Sinclaire Johnson got a late start to her outdoor season, but she looked good in winning an 800m/1500m double during Nike Outdoor Nationals, which, cool idea, included a handful of pro races. First she won the 800m in 2:01.14, and then she won the 1500m, which was scheduled to start only 40 minutes later, in 4:05.79.
Slovenia’s Anita Horvat ran 1:58.73, a personal best, to win the 800m at the Paavo Nurmi Games. South Africa’s Prudence Sekgodisa finished a close second in 1:58.87. (Results)
Great Britain’s Melissa Courtney-Bryant won the 1500m at Meeting Stanislas in a PR of 4:00.45. (Results)
Roberta Groner finished a close second at the NYRR Queens 10K, running 33:41, which is an American 45–49 age-group record. Ethiopia’s Fantu Zewude Jifar won the race in 33:36. (Results)
Utah high school sophomore Jane Hedengren had a breakout race to win the mile at the Brooks PR Invitational, 4:35.69 to 4:35.87, over Tatum David (race video), and three days later, she ran another big race to win the Nike Outdoor Nationals two mile in 9:54.38.
At New Balance Nationals Outdoors, Angelina Napoleon won a good 2,000m steeplechase battle with fellow New Yorker Sheridan Wheeler, 6:19.53 to 6:20.80 (full race video). Napoleon’s time was the second-fastest time ever by a U.S. high school girl, behind only the national record (6:18.41) that she set one week earlier at the New York state meet. Also at her state meet, Napoleon won the 800m in a meet record 2:03.97 and she high jumped 5 feet, 3 inches. Her high jump PR, set earlier this month, is an impressive 5 feet, 6 inches. Napoleon is headed to NC State in the fall. I’m running out of space to say more about the high school national meets, but here are all the NBNO results, and kids these days are fast.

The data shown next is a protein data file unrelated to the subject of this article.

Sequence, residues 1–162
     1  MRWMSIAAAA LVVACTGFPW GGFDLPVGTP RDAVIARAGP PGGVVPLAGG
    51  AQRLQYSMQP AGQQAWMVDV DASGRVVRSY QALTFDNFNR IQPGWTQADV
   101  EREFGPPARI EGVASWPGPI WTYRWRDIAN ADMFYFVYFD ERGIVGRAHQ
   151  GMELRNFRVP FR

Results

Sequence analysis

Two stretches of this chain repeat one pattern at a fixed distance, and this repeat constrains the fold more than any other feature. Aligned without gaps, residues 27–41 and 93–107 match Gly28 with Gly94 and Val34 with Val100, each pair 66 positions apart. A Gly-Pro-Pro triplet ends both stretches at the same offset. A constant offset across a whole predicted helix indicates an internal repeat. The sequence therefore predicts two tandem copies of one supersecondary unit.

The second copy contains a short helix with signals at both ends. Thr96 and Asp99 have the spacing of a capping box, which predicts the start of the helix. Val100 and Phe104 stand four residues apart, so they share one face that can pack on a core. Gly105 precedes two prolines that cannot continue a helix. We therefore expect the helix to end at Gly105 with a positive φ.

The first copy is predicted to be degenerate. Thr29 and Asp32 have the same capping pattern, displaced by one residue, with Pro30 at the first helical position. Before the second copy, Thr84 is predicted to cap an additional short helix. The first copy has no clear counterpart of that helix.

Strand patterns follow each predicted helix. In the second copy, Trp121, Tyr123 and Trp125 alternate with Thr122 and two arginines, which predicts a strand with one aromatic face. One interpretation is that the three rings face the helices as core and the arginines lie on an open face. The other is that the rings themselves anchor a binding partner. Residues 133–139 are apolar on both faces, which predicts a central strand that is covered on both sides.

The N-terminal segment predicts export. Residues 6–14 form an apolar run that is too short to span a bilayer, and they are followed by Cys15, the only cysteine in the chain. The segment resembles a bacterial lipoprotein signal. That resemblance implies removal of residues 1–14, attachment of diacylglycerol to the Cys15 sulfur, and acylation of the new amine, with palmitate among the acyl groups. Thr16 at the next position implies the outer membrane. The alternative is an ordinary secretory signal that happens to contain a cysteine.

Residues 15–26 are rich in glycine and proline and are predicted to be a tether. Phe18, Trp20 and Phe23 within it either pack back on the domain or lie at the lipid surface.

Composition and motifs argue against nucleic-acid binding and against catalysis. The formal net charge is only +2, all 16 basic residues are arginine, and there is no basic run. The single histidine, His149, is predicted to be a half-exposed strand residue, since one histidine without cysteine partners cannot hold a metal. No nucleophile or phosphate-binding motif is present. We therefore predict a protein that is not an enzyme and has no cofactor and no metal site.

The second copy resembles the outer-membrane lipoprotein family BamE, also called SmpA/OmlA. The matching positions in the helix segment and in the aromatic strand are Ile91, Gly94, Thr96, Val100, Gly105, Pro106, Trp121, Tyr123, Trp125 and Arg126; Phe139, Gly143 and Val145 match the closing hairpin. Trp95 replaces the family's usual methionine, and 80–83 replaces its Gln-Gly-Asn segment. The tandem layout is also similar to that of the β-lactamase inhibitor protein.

This video of Allie McLaughlin winning the Broken Arrow Sky Race 23K, accompanied by her dog, is great. (Harley, the dog, only joined her at the end. And now I’m wishing more races involved having one’s pet join them at the end.)
Nikki Hiltz was great on the Ali on the Run Show. Because Lululemon doesn’t make spikes, Hiltz can race in any spikes they want, so it was interesting hearing them talk about that. I also enjoyed Ali’s episode with MK Shea, the B.A.A.’s director of professional athletes, and it was interesting to hear Shea say (in the last five minutes) that Emily Sisson is going after an American record at Sunday’s B.A.A. 10K.
It was fun getting an update from Nia Akins on Figureitoutable. Akins mentioned that during altitude camp, she and teammate Marta Pen Freitas made a music video and now I’m curious to see it.
On I’ll Have Another, Olivia Baker talked about coming back from an injury she sustained over the winter, and she also addressed the Atlanta Track Club’s impending coaching change. Baker had a lot of praise for coaches Amy and Andrew Begley and said the change was more about philosophical differences than performance.
Additional Episodes: Abby Nichols on Lactic Acid | Grayson Murphy on the Sub Hub podcast (starting at the 33:25 mark) | Kara Goucher on Running For Real | Gerda Steyn on Marathon Talk (she joins at the 30:45 mark) | Nell Rojas on A to Z Running
Once again, I’ve run out of space to include everything I’d like to include here! Thanks so much to New Balance for supporting Fast Women and to everyone who helps keep this newsletter going via your support on Venmo and Patreon.
I hope you all have a great week.